Once a renowned fashion extravaganza, the Lakmé Fashion Week (LFW) ended with grand finale designers, Kallol Datta and Pankaj & Nidhi pulling the curtains down to a stylish yet not so extravagant affair. Though the fashion gala has not been able to attract known fashion designers, business delegates or buyers and celebrities, the event continues to make a mark with its past legacy.
The highlight of this season was designers focusing more on wearable designs instead of creating collections just meant for ramps. From Payal Kapoor to Mayank Anand to Shraddha Nigam, all presented collections appropriate for any occasion. A range of tradition Indian women wear like long skirts, kurtas and lehengas comprised Kapoor’s collection and the highlight was show stopper Mini Mathur’s outfit. She dazzled on the ramp in rich magenta gold zardozi lehenga, choli and dupatta. Nigam used fabrics like Kota doria, Chaampa, tussore, Kashmiri silks, Maheshwari and Bangalore silks for her collection.
In its 13th year, LFW continued to bring in creative excellence, giving opportunities for new talent. In its continued endeavour to support and pay tribute to Indian textiles, LFW had invited industry veterans Jaya Jaitly, Darshan Shah, Maximiliano Modesti, Rita Kapur Chishti and Wendell Rodricks for workshops, demonstrations and panel discussions while Krishna Mehta returned as a curator for the day. Designers like Gaurang Shah, Krishna Mehta, Deepika Govind, Debarun Mukherjee, Vaishali Shadangule, Shruti Sancheti and others showcased the best of Indian weaves and crafts to extend their support to this unique initiative and help bring the dominance of Indian textiles and crafts to the fore.
Indeed the fashion industry was abuzz with news of lack from top designers like Manish Malhotra, Sabyasachi Mukherji, Vikram Phadnis, Rohit Bal, Rocky S, Tarun Tahilaini, Bibhu Mohapatra, James Ferari, Ritu Kumar, Anupama Dayal, Narendra Kumar, Nikhil & Shantanu, Arjun Khanna, Ritu Beri among others. But critics say the LFW is losing its historic status of being the prime fashion event, since it lacked the real fashion element. And like all previous weeks this time too there were splashes of quirky creativity from designers take for example, Rohan Arora' platforms built out of spikes, sequins and brocade to colour wheel-panel saris over doodle-print blouses and dress by AartiVijay Gupta there were numerous such examples of creativity at LFW.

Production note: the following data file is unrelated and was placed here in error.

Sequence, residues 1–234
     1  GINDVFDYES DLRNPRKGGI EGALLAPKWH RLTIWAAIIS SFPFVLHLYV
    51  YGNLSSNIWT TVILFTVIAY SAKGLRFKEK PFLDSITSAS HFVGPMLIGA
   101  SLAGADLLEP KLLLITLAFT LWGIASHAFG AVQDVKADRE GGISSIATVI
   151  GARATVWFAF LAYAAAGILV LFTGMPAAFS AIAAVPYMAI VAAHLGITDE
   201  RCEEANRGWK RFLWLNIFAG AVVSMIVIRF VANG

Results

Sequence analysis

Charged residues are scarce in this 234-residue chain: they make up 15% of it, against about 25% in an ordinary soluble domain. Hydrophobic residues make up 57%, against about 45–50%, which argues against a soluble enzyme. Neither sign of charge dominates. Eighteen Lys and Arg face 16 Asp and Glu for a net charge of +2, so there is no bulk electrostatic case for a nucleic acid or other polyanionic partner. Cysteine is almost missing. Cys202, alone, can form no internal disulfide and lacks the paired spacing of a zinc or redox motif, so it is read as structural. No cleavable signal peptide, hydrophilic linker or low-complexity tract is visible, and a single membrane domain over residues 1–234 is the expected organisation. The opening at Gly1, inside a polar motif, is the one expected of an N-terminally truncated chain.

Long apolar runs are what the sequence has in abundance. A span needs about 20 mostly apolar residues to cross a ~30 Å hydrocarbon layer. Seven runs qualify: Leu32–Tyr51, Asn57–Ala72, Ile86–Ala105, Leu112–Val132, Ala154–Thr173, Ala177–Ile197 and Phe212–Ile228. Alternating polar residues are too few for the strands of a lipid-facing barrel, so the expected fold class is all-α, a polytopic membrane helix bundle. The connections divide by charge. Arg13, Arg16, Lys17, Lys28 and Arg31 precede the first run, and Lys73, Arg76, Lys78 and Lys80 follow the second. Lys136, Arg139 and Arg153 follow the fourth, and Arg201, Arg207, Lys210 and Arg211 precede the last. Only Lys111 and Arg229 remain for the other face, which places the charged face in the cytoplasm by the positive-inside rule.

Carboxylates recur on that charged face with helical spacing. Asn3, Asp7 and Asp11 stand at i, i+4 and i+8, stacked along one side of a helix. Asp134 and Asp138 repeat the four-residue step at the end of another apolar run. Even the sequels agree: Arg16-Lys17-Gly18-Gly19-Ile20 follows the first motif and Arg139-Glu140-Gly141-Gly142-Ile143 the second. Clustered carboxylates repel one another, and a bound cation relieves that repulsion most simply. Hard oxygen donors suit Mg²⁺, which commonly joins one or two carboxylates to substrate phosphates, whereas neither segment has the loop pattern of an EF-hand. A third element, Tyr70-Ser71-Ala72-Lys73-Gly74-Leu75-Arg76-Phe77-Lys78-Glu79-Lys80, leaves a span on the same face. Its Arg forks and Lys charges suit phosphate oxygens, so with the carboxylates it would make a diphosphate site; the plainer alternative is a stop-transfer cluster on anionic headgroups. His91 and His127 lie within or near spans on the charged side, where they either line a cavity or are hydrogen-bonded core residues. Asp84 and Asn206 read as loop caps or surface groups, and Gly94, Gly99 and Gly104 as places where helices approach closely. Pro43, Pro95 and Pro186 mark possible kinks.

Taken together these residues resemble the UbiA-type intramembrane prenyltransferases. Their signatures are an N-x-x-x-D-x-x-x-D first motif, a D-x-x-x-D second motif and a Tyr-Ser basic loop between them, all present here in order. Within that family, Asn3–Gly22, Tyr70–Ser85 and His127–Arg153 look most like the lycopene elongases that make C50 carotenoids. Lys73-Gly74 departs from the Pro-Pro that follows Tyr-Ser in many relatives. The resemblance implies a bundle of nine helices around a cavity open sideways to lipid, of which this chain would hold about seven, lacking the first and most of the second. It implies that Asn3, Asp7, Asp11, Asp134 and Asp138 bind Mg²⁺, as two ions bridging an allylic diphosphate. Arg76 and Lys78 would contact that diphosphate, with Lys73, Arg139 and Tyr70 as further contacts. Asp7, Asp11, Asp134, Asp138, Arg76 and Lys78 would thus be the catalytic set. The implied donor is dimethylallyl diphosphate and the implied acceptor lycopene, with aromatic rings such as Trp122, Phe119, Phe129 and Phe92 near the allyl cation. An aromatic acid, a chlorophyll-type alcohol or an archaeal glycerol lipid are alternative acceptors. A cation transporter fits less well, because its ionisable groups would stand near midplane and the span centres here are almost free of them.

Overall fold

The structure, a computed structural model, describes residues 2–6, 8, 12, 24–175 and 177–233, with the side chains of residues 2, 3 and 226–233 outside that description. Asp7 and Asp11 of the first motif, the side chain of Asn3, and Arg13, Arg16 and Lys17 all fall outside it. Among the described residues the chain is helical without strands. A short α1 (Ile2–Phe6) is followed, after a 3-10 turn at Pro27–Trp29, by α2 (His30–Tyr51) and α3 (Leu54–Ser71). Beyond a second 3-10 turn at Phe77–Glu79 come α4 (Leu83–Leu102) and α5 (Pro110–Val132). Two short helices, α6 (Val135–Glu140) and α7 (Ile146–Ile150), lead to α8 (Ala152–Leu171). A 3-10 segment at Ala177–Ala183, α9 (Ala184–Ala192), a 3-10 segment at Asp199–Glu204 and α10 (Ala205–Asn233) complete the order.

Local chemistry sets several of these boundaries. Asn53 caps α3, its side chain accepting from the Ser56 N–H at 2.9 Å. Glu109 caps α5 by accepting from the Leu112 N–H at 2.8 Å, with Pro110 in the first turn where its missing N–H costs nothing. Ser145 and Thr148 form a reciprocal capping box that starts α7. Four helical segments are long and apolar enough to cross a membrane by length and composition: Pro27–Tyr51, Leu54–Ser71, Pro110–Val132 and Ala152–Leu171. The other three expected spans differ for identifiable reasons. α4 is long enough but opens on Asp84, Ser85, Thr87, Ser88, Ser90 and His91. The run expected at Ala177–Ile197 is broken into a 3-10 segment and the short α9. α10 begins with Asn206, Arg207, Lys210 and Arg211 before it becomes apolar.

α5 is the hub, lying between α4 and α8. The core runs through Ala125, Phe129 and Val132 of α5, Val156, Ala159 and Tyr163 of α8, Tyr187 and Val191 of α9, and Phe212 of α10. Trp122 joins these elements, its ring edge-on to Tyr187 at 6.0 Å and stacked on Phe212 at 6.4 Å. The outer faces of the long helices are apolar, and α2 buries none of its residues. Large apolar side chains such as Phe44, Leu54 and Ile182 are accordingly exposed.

Apart from wearability, offering a value for money designer wear ruled the LFW event. With apparel industry continuing to show signs of gloom and low consumer sentiment, most designers preferred creating value for money merchandise since they opined that consumers are consciously spending money. Most designers too tightened their purse strings when it comes to spending on doing the stall and shows keeping the current economic scenario in mind.
So the Lakme Fashion Week is over and Delhi is getting ready for another fashion extravaganza, the PCJ Couture Week that starts in the city today. But the question that the fashion industry needs an answer to is whether amidst the current recessionary phase is it worth having so many fashion galas in so many cities? Wouldn’t it be a feasible idea if all of them get together and circulate the show in different cities?